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Days Out Blog

With January drawing swiftly to a close, the season of love is now fast approaching. The supermarket shelves once again are piled high with novelty chocolates and stuffed animals marking to countdown to Valentine's Day. Many can feel rather a lot of pressure to make this day special for their significant other and we at DOUK feel it as out duty to inform you of some of the most romantic goings on in the country that you and your partner can enjoy. However, I’m also aware there are a great many of you who either don’t like this particular day or perhaps would prefer to do something a little different as this time of year can leave some with more of a bitter taste in their mouths. I therefore present to you, Valentine’s spots for those struck by Cupid’s arrow as well as events and inspirations for the anti-valentine’s crowd or for those looking to do something a little different this time, as regardless of your relationship status, everyone deserves for this day to be fun.

(Make sure to read to the end for some fun Valentine’s Day facts!)

Romantic inspirations


What screams love more than prison? Wait wait, let me explain. Not only is Oxford Castle a site steeped in a rich history, but Oxford Castle Unlocked is offering people the chance to have a very different experience with the ol’ ball and chain. One really wouldn’t expect this almost thousand-year-old ruined castle turned prison complete with crypts and cells and a general aura of mystery and death to offer anything romantic, but you’d be surprised. On Valentine’s day, couples can enjoy a romantic, candle-lit three course meal served in a the unique and intimate location of… an actual prison cell. Don’t get put off by the location! You can enjoy a delicious dinner in this fun and unique setting and certinaly isn't your average Valentine’s day dinner for sure, plus it makes the perfect setting for any history-lover in your life!

From £90 per couple

Click HERE for more information



You know what’s also romantic? Trains! (I promise I’m being serious). Sometimes when travelling, the journey can be just as important as the destination, and the UK is certainly not lacking in scenic views, so why not take a Romantic ride somewhere? There are heritage railways dotted all over the country that offer scenic views, relaxing trips as well as special dining/drink packages. Why not book dinner, brunch or afternoon tea on the Avon Valley Railway or enjoy the variety of trips offered by Dartmouth Steam Railway? Click HERE for a more comprehensive list of rail tours throughout the UK and to find ones near you. For something specifically Valentine’s themed, for those around the Kent area, the Spa Valley Railway has a Valentine’s special on the 12th of February where you can appreciate the relaxing beauty of traveling on this amazing heritage railway as well as enjoying a complimentary bottle of wine!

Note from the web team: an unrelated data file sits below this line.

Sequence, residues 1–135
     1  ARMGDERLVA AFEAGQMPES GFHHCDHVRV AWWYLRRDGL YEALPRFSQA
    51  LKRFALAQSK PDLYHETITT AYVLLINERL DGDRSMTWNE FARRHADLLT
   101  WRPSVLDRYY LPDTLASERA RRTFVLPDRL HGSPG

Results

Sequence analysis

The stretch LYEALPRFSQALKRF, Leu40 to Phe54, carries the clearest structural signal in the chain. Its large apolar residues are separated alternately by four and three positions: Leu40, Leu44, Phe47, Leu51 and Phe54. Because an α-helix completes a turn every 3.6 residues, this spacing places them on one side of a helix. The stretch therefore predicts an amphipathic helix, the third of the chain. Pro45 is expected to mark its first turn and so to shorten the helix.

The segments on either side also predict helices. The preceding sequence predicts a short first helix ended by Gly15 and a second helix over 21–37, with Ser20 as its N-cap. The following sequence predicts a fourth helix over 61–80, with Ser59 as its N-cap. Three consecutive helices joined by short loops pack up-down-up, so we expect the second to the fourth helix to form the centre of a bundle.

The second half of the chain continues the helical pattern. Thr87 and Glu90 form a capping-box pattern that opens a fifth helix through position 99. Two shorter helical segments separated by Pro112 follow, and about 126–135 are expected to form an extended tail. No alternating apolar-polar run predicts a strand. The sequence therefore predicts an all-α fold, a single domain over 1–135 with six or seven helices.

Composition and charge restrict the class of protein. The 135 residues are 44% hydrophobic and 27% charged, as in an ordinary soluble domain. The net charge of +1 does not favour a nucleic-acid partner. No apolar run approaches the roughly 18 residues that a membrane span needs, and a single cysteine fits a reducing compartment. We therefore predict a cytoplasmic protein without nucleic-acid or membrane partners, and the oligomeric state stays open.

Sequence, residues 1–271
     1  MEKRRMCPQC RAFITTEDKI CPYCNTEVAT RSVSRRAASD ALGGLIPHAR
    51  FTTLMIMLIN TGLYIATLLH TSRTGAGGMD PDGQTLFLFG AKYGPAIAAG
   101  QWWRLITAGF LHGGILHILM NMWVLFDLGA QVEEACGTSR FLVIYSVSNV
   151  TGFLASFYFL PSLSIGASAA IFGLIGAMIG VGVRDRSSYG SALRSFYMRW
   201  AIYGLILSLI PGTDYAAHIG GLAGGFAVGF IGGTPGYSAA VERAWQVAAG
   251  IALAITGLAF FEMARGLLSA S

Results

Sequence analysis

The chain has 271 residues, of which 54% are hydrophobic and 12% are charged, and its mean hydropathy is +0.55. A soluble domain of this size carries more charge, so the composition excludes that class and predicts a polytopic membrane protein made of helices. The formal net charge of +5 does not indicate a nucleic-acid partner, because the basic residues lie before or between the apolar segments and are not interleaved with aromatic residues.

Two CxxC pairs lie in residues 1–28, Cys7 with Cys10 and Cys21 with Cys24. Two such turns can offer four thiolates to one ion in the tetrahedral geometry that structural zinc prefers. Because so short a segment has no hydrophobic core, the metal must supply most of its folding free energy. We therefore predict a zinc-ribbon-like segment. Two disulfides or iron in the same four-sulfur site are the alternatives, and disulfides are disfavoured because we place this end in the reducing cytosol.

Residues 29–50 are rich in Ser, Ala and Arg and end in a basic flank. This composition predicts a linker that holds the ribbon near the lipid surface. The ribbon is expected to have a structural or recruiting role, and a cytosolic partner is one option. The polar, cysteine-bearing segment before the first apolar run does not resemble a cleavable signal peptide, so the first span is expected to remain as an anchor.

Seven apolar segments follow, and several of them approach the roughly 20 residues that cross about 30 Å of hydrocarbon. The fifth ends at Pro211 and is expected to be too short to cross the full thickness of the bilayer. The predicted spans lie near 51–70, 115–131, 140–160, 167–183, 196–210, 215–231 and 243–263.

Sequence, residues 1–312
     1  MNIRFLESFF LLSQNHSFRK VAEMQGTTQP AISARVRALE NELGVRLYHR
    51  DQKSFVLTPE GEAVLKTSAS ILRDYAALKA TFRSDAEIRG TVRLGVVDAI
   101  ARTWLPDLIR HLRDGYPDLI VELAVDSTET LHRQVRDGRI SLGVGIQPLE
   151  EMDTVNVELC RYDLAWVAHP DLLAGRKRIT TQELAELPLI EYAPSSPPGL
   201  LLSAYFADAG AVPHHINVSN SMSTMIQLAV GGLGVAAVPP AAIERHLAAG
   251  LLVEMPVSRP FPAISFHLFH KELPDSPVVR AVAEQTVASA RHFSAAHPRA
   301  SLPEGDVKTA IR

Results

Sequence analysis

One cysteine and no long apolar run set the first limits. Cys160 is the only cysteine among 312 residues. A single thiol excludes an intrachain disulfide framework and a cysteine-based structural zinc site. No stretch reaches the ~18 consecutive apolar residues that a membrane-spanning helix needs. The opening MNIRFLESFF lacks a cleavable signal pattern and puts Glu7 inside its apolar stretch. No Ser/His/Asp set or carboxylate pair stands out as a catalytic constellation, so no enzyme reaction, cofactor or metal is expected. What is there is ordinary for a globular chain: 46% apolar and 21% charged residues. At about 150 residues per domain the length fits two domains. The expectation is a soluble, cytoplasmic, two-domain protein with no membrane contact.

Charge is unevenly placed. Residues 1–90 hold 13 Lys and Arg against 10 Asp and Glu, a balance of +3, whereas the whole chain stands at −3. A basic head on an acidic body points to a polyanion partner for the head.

Spa Valley Railway Valentine's: £40 per couple (includes a bottle of wine)


For classic romance, how about a romantic evening under the stars? Even better, how about a romantic evening under the stars where you don’t have to go outside into the freezing cold and, more likely than not, rain? London’s famous Royal Observatory is offering exactly that on Valentine’s night itself. Discover all about the romantic sights seen in our night sky in a visually stunning planetarium show and do your own stargazing through a real 18-tonne Victorian telescope. You can also enjoy a complimentary glass of bubbly whilst standing on the famous Greenwich Prime Meridian whilst enjoying the twinkling lights of our own night sky (If we are granted clear weather.) The Glasgow Science Centre is also getting in on the Valentine’s spirit with a Valentine’s screening of “Her” starring Joaquin Phoenix and Scarlett Johansson. As well as a complimentary glass of fizz and treats to enjoy during the film, the event will also begin with a stunning planetarium show exploring the surrounding cosmos. 

Royal Observatory Valentine's Stargazing: £30.00 adult, £28.00 concession

Glasgow Science Centre Her Screening: £40 per pair of tickets (18+).


Walks are about as much of a romantic cliché as you can get but, they’re a cliché for a reason and are a tried and true romantic activity if you can get past the blisters. For the rambler in your life, there are many beautiful locations dotted around the country perfect for Valentine’s Day strolls. I could go on for hours about the many MANY places in the country perfect for walking, but this blog post would be about 10,000 words long so instead I've made a few suggestions of some of my personal picks. For Castle lovers, Hever Castle and Gardens has its wonderful snowdrop walk around it's grounds offering a great perspective as these beautiful flowers emerge from their winter hibernation.